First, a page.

Polymer nanofibrous structures: Fabrication, biofunctionalization, and cell interactions

Vince Beachley, Xuejun Wen

Research output: Contribution to journalReview articlepeer-review

337 Scopus citations

Abstract

Extracellular matrix fibers (ECM) such as collagen, elastin, and keratin provide biological and physical support for cell attachment, proliferation, migration, differentiation and ultimately cell fate. Therefore, ECM fibers are an important component in tissue and organ development and regeneration. Meanwhile, polymer nanofibers could play the same critical role in tissue regeneration process. Fibrous structures can be fabricated from a variety of materials and methods with diameters ranging throughout the size scale where cells can sense individual fibers (several nanometers to several microns). Polymer nanofiber scaffolds can be designed in a way that predictably modulates a variety of important cell behaviors towards a desired overall function. The nanofibrous topography itself, independent of the fiber material, has demonstrated the potential to modulate cell behaviors desirable in tissue engineering such as: unidirectional alignment; increased viability, attachment, and ECM production; guided migration; and controlled differentiation. The versatility of polymer nanofibers for functionalization with biomolecules opens the door to vast opportunities for the design of tissue engineering scaffolds with even greater control over cell incorporation and function. Despite the promise of polymer nanofibers as tissue engineering scaffolds there have been few clinically relevant successes because no single fabrication technique currently combines control over structural arrangement, material composition, and biofunctionalization, while maintaining reasonable cost and yield. Promising strategies are currently being investigated to allow for the fabrication of optimal polymer nanofiber tissue engineering scaffolds with the goal of treating damaged and degenerated tissues in a clinical setting.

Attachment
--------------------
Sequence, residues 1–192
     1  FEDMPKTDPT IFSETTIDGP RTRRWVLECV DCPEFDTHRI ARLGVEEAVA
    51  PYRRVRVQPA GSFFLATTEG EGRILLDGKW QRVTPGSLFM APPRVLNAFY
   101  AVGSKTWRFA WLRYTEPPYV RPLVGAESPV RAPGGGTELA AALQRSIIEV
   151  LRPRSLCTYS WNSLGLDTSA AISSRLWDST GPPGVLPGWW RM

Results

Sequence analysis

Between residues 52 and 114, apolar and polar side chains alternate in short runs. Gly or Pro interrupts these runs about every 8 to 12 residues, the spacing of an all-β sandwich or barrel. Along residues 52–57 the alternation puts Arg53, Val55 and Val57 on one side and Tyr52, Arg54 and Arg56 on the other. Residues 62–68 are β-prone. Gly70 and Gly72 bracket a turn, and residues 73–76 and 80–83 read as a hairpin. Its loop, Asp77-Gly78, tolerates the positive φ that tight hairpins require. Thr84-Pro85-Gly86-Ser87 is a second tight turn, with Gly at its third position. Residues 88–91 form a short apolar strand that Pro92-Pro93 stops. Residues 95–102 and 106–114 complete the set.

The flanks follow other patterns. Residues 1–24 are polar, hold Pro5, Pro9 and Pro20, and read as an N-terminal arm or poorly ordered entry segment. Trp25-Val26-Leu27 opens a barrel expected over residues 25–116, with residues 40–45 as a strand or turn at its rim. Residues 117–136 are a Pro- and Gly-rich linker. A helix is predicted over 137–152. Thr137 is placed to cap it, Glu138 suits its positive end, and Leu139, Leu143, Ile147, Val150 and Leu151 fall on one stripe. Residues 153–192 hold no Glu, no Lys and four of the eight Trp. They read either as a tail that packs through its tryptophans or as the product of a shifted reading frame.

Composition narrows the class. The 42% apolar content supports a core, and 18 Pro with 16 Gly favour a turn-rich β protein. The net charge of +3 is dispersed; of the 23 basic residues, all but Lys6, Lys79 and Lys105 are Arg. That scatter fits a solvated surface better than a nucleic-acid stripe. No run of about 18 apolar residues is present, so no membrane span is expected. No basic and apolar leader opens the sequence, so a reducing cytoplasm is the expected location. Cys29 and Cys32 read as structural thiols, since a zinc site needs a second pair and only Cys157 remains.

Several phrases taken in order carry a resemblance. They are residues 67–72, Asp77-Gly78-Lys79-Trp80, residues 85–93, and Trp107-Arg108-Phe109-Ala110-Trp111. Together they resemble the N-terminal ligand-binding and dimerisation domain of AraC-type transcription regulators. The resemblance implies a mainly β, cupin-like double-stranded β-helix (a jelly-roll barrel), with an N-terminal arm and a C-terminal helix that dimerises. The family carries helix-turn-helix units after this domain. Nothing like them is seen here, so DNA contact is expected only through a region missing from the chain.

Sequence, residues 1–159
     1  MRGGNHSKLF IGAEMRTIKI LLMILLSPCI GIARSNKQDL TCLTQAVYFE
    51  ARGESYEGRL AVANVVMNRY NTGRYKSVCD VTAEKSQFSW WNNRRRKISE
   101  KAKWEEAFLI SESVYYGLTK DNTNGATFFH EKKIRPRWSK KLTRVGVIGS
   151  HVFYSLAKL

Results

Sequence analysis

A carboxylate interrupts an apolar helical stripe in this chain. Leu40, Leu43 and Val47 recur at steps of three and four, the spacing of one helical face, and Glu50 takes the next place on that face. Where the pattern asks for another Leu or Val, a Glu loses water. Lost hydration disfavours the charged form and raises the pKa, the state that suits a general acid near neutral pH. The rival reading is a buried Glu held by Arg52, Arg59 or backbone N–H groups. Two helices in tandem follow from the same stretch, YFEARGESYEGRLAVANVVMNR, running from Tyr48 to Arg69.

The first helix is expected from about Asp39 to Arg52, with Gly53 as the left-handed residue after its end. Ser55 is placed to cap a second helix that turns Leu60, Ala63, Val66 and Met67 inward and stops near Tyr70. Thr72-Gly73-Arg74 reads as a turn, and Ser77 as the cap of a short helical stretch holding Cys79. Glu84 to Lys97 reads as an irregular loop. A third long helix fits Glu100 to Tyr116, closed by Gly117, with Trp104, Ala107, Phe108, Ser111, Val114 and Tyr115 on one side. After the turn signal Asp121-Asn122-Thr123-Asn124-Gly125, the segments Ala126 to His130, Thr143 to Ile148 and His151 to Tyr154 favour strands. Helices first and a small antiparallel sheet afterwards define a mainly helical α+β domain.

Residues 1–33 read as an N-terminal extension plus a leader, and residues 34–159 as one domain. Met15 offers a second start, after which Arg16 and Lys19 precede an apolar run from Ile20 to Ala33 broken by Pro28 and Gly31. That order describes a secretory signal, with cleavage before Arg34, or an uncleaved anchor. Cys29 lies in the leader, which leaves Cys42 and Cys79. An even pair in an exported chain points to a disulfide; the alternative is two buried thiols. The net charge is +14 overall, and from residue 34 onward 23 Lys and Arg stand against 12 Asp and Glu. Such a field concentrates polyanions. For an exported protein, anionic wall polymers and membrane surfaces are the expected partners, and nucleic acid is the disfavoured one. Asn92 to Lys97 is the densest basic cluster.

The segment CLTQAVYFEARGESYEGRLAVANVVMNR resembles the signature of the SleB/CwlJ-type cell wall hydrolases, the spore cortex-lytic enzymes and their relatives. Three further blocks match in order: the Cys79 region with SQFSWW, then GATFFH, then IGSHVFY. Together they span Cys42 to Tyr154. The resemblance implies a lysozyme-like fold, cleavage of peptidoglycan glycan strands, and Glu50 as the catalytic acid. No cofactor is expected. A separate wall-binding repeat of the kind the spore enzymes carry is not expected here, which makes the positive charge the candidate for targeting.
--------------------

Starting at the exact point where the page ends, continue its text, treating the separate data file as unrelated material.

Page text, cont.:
Original languageEnglish (US)
Pages (from-to)868-892
Number of pages25
JournalProgress in Polymer Science (Oxford)
Volume35
Issue number7
DOIs
StatePublished - Jul 2010

All Science Journal Classification (ASJC) codes

  • Ceramics and Composites
  • Surfaces and Interfaces
  • Polymers and Plastics
  • Organic Chemistry
  • Materials Chemistry

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